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The CJEU revisits the issue of limitations on trademark rights

24.01.2024 | EN, News EN

The CJEU revisits the issue of limitations on trademark rights

24.01.2024

The CJEU recently ruled on the significant issue of limitations on trademark rights.

 

In its ruling of 11 January 2024 handed down in case number C-361/22, the CJEU interpreted Article 6(1)(c) of the now-defunct First Council Directive 89/104/EEC of 21 December 1988 to bring into line the laws of the Member States relating to trademarks.

 

The ruling is important as it may affect the application of legal provisions regarding limitations on the right to trademarks also under the new legislation regime. Notably, the Polish Industrial Property Law has not been amended accordingly. Hence, the currently effective provision corresponds to the provision evaluated by the CJEU in the judgment at hand.

 

Change in the provisions of law

Article 6(1)(c) of the now-defunct First Council Directive 89/104/EEC of 21 December 1988 to approximate the laws of the Member States relating to trademarks (hereinafter referred to as “Article 6 of Directive 89/104”) introduced one of the limitations on the effect of a trademark. According to its wording, a trademark owner is not entitled to prohibit a third party from using a trademark in the course of its trade operations if it is necessary to indicate the intended purpose of product or service, in particular with respect to accessories or spare parts (referential use of another’s trademark). The wording of this provision is the same as that of Article 6(1)(c) of Directive 2008/95 which replaced Directive 89/104.

The issue in question is currently regulated by Article 14(1)(c) of Directive 2015/2436 (hereinafter referred to as “Article 14 of Directive 2015/2436”). However, its contents differ from the earlier provisions. Pursuant to that article, the owner of a trademark is not entitled to prohibit a third party from using a trademark in the course of trade for the purpose of identifying or referring to goods or services as those of the proprietor of that trademark, in particular, where the use of the trademark is necessary to indicate the intended purpose of a product or service, in particular as accessories or spare parts.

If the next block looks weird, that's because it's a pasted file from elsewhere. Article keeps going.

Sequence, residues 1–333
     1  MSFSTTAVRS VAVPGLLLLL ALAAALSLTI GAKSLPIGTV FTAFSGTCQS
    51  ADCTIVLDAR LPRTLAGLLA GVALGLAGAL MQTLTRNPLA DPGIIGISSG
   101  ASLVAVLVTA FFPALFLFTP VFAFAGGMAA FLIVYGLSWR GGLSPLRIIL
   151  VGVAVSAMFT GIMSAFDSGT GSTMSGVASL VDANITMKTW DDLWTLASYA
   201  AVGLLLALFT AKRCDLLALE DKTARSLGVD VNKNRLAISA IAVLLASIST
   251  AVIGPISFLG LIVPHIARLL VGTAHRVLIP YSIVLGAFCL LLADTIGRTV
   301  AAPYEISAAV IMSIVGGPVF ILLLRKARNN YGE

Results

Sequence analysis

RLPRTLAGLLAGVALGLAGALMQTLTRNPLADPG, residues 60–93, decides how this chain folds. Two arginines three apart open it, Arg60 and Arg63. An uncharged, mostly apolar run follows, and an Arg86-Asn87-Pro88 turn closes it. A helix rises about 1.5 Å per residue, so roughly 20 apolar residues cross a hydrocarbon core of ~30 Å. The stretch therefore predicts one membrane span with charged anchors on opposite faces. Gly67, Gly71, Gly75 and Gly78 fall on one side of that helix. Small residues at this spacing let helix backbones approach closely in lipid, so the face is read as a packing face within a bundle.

In the judgment at hand, namely, judgement dated 11 January 2024, in case C-361/22, the CJEU interpreted Article 6 of Directive 89/104 in response to the question as to whether the difference in contents between that article and Article 14 of Directive 2015/2436 means that Article 6 of Directive 89/104 must be interpreted to the effect that it covers any use of the trademark in the course of trade by a third party for the purpose of identifying or referring to, in accordance with honest practices in industrial or commercial matters, goods or services as those of the proprietor of that trademark (the same scope as that of Art. 14 of Directive 2015/2436), or only use of that trademark which is necessary to indicate the intended purpose of a product marketed by that third party or of a service offered by that party (a scope that is narrower than that of Article 14 of Directive 2015/2436).

Dispute before a Spanish court

Buongiorno Myalert SA (hereinafter referred to as  “Buongiorno”), a provider of information services via the Internet and mobile telephone networks, was the defendant in the main proceedings. In 2010, Buongiorno launched an advertising campaign for a certain paid subscription. As a part of the campaign, the subscription entitled subscribers to participate in a prize draw with a €1,000 „ZARA gift card” being one of the prizes . The campaign used the „ZARA” sign in a rectangle, reminiscent of the gift cards design.

The dispute was brought by Industria de Diseño Textil SA (hereinafter: Inditex), a Spanish clothing company holding that owns such brands as Zara, Pull&Bear, Bershka and Stradivarius. Among other things, it holds the rights to the domestic trademark „ZARA” in Spain. Inditex brought an action against Buongiorno claiming infringement of the exclusive rights conferred by a domestic trademark. According to Inditex, Buongiorno’s actions created a likelihood of confusion and were intended to take advantage of and cause detriment to the trademark’s reputation.

Buongiorno denied any infringement, arguing that the „ZARA” mark was used occasionally, not as a trademark, but to refer to one of the gifts offered to the winners of the prize draw (referential use of someone else’s mark). According to Buongiorno, such use comes under the lawful uses of third parties’ distinctive signs under Spanish law (in this case, the Spanish norms were the transposition of Directive 2008/95 in force at the time of the dispute, i.e. in 2010).